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What Is E-Discovery Software?

C. Mitchell
C. Mitchell

E-discovery software is a type of computer program designed to help lawyers efficiently comply with court orders for electronic document production. The software is capable of screening large numbers of documents in a relatively short amount of time, and can organize files by category, keyword, and subject matter. Lawyers often use e-discovery software in the course of litigation. Screening the files and documents of an opponent to look for evidence before going to trial is almost always permitted, but it can take an enormous amount of time if done manually. E-discovery software can make the screening and sorting tasks easier.

The term “e-discovery” is short for “electronic discovery.” In law, discovery is a process that allows each party in a lawsuit to examine the files and documents of the other. This allows the parties to gather evidence, which they will need in order to craft persuasive arguments.

Man holding computer
Man holding computer

As more and more documents move online, discovery is increasingly conducted electronically. There are pros and cons to electronic document discovery. On one hand, it is much easier to search for documents on a computer than it is to sift through boxes of paper. Usually, however, electronic data storage captures much more information than does hard-copy filing. Every e-mail that was sent or received through a corporate account, every file that employees created and saved on a central drive, and vast caches of temporary Internet histories are usually included in e-discovery materials.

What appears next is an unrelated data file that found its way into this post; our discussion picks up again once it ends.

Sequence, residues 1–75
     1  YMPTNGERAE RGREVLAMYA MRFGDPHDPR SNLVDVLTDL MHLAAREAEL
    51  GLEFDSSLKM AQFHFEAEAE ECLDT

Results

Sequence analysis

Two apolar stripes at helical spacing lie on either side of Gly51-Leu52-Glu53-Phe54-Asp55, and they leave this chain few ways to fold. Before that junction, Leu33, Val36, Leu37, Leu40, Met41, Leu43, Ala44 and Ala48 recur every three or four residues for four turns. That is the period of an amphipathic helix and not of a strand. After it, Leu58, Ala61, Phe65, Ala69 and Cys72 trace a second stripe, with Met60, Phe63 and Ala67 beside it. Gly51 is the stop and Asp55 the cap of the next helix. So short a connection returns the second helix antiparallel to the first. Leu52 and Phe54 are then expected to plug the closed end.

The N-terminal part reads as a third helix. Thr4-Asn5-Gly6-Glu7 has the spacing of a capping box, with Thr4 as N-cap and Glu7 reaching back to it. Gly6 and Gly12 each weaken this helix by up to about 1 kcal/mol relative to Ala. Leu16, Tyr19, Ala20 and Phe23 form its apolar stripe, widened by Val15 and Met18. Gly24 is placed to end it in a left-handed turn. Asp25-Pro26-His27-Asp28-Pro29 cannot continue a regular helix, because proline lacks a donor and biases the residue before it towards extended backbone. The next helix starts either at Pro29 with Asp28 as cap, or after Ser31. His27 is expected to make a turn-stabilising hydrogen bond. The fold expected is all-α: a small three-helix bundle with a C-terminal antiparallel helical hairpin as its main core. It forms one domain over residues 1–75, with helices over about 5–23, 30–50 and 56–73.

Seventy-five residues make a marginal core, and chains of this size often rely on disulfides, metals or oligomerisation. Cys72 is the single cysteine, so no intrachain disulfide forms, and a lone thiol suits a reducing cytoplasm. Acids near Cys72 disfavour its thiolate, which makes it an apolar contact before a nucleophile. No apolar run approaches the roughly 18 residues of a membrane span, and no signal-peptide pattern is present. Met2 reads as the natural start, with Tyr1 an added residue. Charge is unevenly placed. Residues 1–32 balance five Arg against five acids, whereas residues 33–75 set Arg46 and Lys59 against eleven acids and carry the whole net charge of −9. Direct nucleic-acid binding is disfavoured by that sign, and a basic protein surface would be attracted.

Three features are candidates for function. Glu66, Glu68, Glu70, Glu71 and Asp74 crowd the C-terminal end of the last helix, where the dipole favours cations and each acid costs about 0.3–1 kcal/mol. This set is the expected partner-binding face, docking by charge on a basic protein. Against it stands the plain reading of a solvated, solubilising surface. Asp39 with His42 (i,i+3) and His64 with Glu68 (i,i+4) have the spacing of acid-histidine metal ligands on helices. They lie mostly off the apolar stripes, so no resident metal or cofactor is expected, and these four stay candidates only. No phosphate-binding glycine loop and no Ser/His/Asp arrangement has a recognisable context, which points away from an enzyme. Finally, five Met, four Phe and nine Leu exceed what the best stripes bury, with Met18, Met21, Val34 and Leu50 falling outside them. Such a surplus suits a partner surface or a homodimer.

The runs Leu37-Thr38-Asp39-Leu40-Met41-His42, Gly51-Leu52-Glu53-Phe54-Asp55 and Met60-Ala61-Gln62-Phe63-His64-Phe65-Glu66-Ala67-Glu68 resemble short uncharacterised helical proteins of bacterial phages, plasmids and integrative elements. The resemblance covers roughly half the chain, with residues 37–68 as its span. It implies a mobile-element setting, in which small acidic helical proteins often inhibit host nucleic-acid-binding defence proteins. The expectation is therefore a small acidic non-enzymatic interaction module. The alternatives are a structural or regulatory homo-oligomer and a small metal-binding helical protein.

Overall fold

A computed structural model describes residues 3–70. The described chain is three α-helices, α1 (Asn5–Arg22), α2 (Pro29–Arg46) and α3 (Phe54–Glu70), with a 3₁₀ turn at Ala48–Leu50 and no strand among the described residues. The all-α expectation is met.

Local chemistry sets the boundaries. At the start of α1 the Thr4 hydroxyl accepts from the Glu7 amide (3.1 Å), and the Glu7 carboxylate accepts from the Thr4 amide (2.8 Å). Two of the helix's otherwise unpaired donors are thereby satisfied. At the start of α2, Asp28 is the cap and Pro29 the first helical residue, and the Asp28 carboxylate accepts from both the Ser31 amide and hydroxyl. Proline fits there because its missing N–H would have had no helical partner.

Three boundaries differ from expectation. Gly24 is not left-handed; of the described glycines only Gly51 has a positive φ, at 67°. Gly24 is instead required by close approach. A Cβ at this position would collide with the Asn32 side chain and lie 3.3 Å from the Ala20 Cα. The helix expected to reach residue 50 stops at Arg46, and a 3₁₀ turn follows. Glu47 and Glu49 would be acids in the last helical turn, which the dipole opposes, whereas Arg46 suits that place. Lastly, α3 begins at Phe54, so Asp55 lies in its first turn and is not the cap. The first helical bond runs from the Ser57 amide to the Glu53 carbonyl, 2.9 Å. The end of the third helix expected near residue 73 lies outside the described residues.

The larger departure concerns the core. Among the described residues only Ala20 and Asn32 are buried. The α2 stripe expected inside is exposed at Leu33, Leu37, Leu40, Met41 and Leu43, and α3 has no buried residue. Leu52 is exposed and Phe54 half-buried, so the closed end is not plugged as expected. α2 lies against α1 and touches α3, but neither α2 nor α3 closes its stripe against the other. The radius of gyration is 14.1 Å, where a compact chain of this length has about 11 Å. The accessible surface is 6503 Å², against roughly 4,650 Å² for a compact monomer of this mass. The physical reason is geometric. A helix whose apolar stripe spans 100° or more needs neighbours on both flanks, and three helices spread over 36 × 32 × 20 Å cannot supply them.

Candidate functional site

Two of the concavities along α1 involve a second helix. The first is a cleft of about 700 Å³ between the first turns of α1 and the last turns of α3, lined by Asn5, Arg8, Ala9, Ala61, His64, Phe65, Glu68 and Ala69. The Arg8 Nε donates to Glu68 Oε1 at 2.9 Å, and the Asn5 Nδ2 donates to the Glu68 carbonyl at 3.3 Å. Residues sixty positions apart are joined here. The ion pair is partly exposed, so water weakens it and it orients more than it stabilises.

Sorting through the millions, and sometimes billions, of documents generated in electronic discovery is all too often an overwhelming task. For this reason, law firms frequently purchase electronic discovery software. Most e-discovery software programs allow lawyers to design certain settings and create specific search parameters in order to quickly identify relevant documents. Once those documents have been identified, lawyers can review only that smaller set for evidence.

There are many different types of e-discovery software available. Some are designed to provide comprehensive searching and screening capabilities, while others are designed to be more minimalist. No legal discovery software can itself do all the tasks of a human, however. As good as a program is, it can never replace the thinking, sensing mind of a trained lawyer.

Even the best, most expensive e-discovery software programs should not be viewed as anything more than a litigation support tool. Lawyers can use the programs, but should not allow themselves to be replaced by them. Courts are generally unsympathetic to parties’ arguments that discovery should be re-opened or redone because e-discovery software malfunctioned, or missed some crucial piece of evidence. Most of the time, the use of e-discovery software is permitted by the courts on an “at your own risk” basis.

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